7) Technical Support: Provides for the appointment of Assessors to provide technical support to the tribunal. They shall be appointed from amongst experts serving in the Central Water engineering Service.


1) Benches of Permanent Tribunals are proposed to be created as and when need arise. Thus it is not clear how these temporary benches will be different from present system.
2) The Supreme Court recently has said that it can hear appeals against water tribunals set up under ISWDA, thus delaying the judicial proceedings
3) Institutional mechanism to implement tribunal’s award is still mired in ambiguities Suggestions and way forward
4) Inter-State Council (ISC) is a is a constitutional body with the mandate of enquiring into and advising upon disputes arising between the various states of India, to investigate and make recommendations upon such subjects for better coordination of policy and action. It can
play a useful role in facilitating dialogue and discussion towards resolving conflicts.
5) For implementation purposes, River Boards Act 1956 under entry 56 of union list, the most potent law available for the purpose should be suitably amended. River Basin Organization (RBOs) can be set up under this act to regulate and develop inter-state rivers and their
6) Moving towards mediation: Mediation is a flexible and informal process and draws upon the multidisciplinary perspectives of the mediators. In the South Asian context, the World
Bank played the role of mediator between India and Pakistan, which resulted in a successful resolution of the conflicts surrounding the rivers of the Indus basin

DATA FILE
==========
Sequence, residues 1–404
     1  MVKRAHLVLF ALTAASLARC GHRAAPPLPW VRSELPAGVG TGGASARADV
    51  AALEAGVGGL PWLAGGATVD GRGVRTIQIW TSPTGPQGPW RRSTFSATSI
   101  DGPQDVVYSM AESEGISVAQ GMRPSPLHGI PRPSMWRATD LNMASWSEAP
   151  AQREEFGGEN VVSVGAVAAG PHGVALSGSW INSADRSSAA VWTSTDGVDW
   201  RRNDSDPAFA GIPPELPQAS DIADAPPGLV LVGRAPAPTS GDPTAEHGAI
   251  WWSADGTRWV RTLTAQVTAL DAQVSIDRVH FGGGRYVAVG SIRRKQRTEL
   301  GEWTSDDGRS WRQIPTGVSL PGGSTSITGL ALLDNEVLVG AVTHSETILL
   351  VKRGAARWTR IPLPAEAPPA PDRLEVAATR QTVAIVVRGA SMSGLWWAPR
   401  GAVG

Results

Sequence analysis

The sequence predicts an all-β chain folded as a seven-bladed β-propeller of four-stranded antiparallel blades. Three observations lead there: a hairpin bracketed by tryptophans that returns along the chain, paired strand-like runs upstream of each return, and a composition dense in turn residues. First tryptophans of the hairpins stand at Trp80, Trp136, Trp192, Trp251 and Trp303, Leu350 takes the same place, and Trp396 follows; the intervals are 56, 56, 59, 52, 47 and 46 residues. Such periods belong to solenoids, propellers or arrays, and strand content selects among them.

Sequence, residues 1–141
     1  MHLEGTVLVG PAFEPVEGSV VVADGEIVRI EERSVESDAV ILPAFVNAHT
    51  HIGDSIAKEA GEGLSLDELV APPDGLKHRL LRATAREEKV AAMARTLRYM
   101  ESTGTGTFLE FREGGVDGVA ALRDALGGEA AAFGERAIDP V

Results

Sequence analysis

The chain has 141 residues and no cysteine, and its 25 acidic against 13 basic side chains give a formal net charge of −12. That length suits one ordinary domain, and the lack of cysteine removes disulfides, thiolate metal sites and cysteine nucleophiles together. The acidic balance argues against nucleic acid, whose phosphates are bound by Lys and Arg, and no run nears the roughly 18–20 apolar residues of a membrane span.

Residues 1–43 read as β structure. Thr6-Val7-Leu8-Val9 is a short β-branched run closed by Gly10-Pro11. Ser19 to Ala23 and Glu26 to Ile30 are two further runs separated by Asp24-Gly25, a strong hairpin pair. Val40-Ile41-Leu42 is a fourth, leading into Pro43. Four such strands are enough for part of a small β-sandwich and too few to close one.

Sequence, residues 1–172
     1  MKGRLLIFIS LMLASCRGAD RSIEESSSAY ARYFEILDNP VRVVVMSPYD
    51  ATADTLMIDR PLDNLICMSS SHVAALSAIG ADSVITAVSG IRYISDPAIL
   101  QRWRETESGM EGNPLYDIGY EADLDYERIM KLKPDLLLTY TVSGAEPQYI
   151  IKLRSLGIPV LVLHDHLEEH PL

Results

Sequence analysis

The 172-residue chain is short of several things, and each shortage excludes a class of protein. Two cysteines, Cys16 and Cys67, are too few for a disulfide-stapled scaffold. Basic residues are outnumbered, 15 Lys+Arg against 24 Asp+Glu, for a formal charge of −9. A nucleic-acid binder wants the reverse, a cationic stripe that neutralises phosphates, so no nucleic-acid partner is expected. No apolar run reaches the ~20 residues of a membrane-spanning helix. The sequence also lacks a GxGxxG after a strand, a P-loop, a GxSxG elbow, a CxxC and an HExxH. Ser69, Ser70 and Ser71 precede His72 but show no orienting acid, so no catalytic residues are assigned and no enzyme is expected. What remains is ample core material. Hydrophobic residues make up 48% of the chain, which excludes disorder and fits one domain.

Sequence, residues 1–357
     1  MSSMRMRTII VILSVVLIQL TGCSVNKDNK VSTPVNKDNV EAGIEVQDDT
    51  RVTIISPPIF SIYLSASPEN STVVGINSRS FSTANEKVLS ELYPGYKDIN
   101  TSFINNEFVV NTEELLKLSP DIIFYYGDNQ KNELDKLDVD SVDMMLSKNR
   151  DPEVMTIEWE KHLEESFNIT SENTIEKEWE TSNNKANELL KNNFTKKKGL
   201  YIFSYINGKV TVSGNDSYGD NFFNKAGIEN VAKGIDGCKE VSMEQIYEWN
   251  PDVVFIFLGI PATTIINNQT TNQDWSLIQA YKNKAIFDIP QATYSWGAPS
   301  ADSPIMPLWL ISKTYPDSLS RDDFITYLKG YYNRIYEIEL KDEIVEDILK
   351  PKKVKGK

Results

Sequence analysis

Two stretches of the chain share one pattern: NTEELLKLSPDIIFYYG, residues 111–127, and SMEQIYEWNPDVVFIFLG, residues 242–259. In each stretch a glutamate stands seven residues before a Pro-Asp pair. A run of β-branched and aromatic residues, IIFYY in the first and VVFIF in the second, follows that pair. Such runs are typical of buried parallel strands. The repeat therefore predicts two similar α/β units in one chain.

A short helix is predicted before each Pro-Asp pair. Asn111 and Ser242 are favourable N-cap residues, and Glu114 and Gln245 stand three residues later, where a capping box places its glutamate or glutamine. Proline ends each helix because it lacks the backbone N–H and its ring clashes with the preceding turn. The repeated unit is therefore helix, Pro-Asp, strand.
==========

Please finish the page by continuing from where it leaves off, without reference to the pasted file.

7) Supply Side Management: Many scholars have argued that augmenting the water supply might be one way of dealing with such issues. Thus, water resources should be utilised and harnessed properly through undertaking long-term measures towards saving water and
rationalising its use.
8) Declaration of Rivers as National Property: which may reduce the tendency of states which consider controlling of river waters as their right
9) Bringing water into concurrent list: as recommended by Mihir shah report where central water authority can be constituted to manage rivers. It was also supported by a Parliamentary Standing Committee on Water Resources
10) Apart from institutional mechanism, a sense of responsibility in states towards humanitarian dimension of water disputes needs to be infused.
11) Water disputes should be depoliticized and political parties must refrain from taking benefits out of it.